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Black-Owned Children’s Bookstore Faces Uncertain Future

Jeffrey and Pamela Blair pose for a portrait at EyeSee Me.
File photo| Carolina Hidalgo | St. Louis Public Radio
The coronavirus pandemic has created a tough financial situation for many small-business owners such as the Blairs, but support from the community has been strong.

Five years ago, Pamela and Jeffrey Blair embarked on a mission to ensure all children of color would be able to see themselves in the books they read. 

Since then, the couple moved their EyeSeeMe African American Children's Bookstore in University City to a bigger location, held book fairs at local schools and had plans to open a cafe in their store. 

But like many small businesses, their plans came to a screeching halt as the coronavirus spread throughout the region. A countywide stay-at-home order led them to close their doors to the public, lay off workers and cancel book signings and author visits. School closures brought an additional hit, with dozens of canceled book orders, as well as field trips and book fairs.

Now the Blairs are behind on their rent and worry they might not be able to bounce back after the pandemic. 

“I think it’s also important to let the community know what’s going on, because there is this resource in the community that is in a perilous position,” Jeffrey said. “And that if we don’t have the community support ongoing even through these hard times, [the bookstore] could go away, and that is a reality that is hard for us to face.”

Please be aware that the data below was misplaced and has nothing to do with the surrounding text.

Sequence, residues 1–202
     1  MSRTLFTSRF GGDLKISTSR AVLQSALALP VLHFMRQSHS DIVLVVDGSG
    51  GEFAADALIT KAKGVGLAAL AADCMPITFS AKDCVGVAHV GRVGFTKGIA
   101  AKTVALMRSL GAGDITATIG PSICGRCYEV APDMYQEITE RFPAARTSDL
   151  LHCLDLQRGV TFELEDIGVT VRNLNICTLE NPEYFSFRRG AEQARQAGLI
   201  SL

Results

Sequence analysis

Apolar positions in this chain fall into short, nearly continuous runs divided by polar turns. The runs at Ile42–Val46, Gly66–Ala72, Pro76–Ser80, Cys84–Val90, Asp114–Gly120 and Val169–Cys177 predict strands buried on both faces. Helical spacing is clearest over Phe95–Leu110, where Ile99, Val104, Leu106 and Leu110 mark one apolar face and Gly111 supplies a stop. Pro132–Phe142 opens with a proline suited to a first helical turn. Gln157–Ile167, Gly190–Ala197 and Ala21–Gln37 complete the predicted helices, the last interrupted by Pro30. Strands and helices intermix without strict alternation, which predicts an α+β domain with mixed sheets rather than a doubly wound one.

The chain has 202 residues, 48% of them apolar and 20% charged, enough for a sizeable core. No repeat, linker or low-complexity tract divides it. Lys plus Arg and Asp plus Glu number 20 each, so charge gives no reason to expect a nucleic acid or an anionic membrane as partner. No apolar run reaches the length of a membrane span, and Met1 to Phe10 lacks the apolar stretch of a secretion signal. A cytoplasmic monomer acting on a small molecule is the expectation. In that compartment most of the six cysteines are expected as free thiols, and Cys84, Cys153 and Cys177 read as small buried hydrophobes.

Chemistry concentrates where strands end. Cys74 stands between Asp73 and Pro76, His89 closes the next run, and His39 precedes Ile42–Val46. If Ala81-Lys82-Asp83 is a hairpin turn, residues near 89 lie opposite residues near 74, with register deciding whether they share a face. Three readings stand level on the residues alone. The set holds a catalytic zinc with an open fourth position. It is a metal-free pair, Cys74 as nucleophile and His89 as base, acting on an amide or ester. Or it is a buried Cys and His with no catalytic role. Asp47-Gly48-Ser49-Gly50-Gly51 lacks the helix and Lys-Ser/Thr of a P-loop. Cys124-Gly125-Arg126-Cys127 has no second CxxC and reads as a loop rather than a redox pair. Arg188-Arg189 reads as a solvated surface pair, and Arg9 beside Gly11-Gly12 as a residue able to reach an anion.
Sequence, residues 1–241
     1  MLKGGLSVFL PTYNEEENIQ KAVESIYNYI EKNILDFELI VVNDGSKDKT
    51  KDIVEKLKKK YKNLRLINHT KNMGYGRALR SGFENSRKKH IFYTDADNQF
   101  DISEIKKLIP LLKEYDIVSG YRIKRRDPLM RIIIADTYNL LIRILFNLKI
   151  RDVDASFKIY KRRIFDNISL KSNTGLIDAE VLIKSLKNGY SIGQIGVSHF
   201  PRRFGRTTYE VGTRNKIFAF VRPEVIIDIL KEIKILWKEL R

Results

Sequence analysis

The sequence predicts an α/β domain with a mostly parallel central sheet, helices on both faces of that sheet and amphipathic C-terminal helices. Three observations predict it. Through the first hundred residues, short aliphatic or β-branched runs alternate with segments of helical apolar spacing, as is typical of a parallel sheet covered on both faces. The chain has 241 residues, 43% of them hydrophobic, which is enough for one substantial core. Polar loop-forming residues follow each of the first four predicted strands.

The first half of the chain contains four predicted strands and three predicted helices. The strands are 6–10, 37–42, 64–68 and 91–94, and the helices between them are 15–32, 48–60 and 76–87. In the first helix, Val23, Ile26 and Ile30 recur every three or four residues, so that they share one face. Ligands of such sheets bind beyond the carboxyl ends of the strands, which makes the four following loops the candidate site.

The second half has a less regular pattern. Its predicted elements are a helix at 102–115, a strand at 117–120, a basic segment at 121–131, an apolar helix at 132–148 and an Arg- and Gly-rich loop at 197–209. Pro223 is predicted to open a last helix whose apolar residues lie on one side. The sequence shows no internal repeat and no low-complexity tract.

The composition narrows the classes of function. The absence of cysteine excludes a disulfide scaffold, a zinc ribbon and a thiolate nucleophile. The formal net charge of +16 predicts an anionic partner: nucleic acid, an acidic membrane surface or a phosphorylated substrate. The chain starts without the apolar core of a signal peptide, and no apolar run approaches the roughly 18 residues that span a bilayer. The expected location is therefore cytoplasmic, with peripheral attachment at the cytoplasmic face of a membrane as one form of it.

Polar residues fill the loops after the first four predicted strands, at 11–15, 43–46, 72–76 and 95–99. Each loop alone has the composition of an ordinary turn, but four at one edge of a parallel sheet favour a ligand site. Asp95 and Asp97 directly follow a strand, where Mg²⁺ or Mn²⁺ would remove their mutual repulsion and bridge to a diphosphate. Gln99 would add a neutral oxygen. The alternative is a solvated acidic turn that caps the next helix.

The couple is relying heavily on their savings and applying for federal and local grants and loans to help get by. As a last resort, they’ve also started a GoFundMe to raise $25,000 to help make ends meet and keep the mission alive.

Pamela said their absence can already be felt by educators, even though schools are closed.

“Teachers that have been calling or emailing saying, ‘This cannot happen,’” Pamela said. “‘Because without you guys, I wouldn’t know what books to put in my classrooms. I wouldn’t know what books to read to my children in classrooms.’ And so, that’s our struggle, is really trying to be there for our teachers and our parents.”

So far, Blair’s GoFundMe has garnered a lot of support. As of Friday, they raised more than $7,000, and online book sales are growing. The store also is offering curbside delivery.

“The community has really reached out,” Pamela said. “We get emails and texts saying, ‘We want to see you guys stay. We’re so sorry. And how can I help?’ So we’ve had several of our partners and our community that have reached out. But we still have a long way to go in reaching that goal.”

The Blairs say they are focusing their energy on the positive in hopes of getting back to normal. 

“When this is over, we can go back to serving our community, our children, our schools and just being that beacon in the St. Louis community,” she said. “We’re excited about the GoFundMe page and hopeful that we will meet our goals.”

Follow Marissanne on Twitter: @Marissanne2011

Send questions and comments about this story to feedback@stlpublicradio.org

Marissanne is the afternoon newscaster at St. Louis Public Radio.

Send questions and comments about this story to feedback@stlpublicradio.org.